graphicpush

Thoughts on branding, design, writing and life by Kevin Potts. Established 2003.

Experiments With CSS3 border-radius and box-shadow

In building DeCal, I experimented with some new CSS3 toys that have a variety of support in our favorite browsers. border-radius and box-shadow were the favorites of the day, and as of this writing, Firefox 3.6+ and Opera 10.5+ lead the pack in rendering more complicated rules. IE, predictably, sucks.

In building DeCal, I used some CSS3 for progressive enhancement of the visual presentation. A few of the new toys employed:

  • box-shadow
  • border-radius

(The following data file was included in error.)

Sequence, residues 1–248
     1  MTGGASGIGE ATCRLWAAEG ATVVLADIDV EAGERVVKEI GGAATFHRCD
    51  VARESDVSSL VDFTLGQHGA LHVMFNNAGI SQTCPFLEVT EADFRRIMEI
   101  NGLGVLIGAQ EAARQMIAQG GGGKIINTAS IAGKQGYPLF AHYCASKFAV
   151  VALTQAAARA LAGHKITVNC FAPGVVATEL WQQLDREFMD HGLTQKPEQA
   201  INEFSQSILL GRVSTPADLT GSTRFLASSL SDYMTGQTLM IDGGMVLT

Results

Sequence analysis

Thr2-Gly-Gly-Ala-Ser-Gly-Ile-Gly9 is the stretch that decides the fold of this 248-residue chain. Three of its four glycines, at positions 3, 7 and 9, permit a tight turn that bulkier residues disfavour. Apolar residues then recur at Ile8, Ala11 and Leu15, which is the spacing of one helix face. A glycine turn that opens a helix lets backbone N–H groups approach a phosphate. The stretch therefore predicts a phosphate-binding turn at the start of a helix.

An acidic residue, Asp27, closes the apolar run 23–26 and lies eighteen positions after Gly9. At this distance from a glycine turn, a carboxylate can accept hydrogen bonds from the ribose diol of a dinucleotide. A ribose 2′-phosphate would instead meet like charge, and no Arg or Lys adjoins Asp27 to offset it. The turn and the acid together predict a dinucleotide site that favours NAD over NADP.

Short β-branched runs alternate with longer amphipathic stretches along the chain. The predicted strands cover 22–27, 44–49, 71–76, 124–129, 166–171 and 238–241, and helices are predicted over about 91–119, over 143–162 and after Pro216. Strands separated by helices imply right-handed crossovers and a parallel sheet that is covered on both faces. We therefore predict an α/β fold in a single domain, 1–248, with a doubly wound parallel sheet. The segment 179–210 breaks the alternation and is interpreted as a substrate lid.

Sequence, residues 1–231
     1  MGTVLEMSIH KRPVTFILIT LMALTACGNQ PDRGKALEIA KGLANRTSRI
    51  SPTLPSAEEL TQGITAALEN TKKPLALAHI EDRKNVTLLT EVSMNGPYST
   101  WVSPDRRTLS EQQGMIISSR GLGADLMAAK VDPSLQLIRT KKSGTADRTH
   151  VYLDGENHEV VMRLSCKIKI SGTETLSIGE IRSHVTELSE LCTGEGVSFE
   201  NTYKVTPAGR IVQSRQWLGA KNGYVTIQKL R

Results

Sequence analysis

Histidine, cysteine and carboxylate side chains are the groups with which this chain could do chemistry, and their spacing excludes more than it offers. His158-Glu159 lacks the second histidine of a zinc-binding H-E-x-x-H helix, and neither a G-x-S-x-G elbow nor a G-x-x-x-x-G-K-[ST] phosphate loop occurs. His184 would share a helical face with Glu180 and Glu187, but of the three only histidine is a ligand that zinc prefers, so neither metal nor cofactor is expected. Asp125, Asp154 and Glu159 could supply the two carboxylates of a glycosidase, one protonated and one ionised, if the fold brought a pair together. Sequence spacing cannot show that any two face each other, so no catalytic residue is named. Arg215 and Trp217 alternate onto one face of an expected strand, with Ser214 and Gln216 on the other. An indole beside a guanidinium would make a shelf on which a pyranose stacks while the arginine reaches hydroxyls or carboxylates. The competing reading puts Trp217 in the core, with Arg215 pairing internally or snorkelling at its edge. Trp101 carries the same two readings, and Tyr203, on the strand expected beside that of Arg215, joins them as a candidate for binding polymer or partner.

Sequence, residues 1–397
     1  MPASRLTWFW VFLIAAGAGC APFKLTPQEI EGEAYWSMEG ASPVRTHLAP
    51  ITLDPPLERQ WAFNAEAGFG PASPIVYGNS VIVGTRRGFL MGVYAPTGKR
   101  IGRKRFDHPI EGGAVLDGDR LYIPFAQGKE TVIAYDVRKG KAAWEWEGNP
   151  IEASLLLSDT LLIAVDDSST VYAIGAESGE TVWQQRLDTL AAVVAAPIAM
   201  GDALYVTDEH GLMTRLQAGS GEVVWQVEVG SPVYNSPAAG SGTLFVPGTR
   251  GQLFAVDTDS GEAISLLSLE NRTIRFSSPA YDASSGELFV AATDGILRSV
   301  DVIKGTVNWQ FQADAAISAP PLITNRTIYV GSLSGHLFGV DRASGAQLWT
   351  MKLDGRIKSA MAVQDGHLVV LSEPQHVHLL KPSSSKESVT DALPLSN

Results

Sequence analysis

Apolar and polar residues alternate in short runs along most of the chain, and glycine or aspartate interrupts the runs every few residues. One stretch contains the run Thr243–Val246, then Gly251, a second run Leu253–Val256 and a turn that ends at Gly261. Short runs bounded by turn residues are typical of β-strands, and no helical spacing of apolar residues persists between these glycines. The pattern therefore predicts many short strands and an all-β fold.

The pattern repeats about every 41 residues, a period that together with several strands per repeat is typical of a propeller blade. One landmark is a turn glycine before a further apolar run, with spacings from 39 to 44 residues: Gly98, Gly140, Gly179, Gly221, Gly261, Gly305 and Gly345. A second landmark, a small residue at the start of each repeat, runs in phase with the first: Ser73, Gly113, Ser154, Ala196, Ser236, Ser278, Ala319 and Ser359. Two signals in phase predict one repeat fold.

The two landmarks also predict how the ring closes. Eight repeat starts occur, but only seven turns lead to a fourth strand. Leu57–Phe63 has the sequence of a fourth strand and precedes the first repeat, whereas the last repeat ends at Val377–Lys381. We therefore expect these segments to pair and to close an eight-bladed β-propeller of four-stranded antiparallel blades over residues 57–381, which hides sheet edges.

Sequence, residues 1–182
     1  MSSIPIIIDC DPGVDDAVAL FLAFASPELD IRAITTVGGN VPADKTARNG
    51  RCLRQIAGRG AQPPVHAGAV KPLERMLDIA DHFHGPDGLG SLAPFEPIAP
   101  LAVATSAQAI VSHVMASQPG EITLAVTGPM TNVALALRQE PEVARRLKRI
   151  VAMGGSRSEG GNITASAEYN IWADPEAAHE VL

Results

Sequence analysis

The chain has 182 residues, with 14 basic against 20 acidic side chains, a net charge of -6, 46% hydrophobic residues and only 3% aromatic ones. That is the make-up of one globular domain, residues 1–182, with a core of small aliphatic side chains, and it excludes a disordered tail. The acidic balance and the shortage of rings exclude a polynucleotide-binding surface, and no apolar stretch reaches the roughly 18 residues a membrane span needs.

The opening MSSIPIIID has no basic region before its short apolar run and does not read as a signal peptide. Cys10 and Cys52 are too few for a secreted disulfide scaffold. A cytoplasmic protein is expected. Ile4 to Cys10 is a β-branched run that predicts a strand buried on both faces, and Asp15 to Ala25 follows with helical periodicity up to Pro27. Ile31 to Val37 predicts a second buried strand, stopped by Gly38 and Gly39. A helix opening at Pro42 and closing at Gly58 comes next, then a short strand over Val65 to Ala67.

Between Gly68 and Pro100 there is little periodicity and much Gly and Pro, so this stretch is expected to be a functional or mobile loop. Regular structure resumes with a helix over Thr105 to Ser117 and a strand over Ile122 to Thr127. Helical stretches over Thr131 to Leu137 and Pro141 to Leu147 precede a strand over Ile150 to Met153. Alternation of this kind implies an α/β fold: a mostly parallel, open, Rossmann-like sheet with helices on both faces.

• RGBa

What’s interesting is the disparate browser support these new rendering technologies enjoy. Some browsers, like Firefox 3.6+ and Opera 10.5+, are very promising; others, like Safari and Chrome, are incomplete or buggy in their support. In the main calendar view, I used all three of these new rules for the clickable buttons. Here is the relevant CSS originally tested for the orange button:

#cal td.smd_cal_event span a {
	background: #fab102;
	padding: 4px 10px 5px 10px;
	border: 1px solid #fff;
	border-bottom: 1px solid #363d50;
	-moz-border-radius: 10px;
	-webkit-border-radius: 10px;
	border-radius: 10px;
	-moz-box-shadow:
		inset 0 4px 7px 0 #fff25f,
		inset 0 -2px 4px 0 rgba(255, 242, 94, 0.4),
		inset 0 -4px 8px 0 rgba(207, 75, 3, 0.9),
		0 2px 4px 0 rgba(0, 0, 0, 0.4);
	-webkit-box-shadow:
		inset 0 4px 7px 0 #fff25f,
		inset 0 -2px 4px 0 rgba(255, 242, 94, 0.4),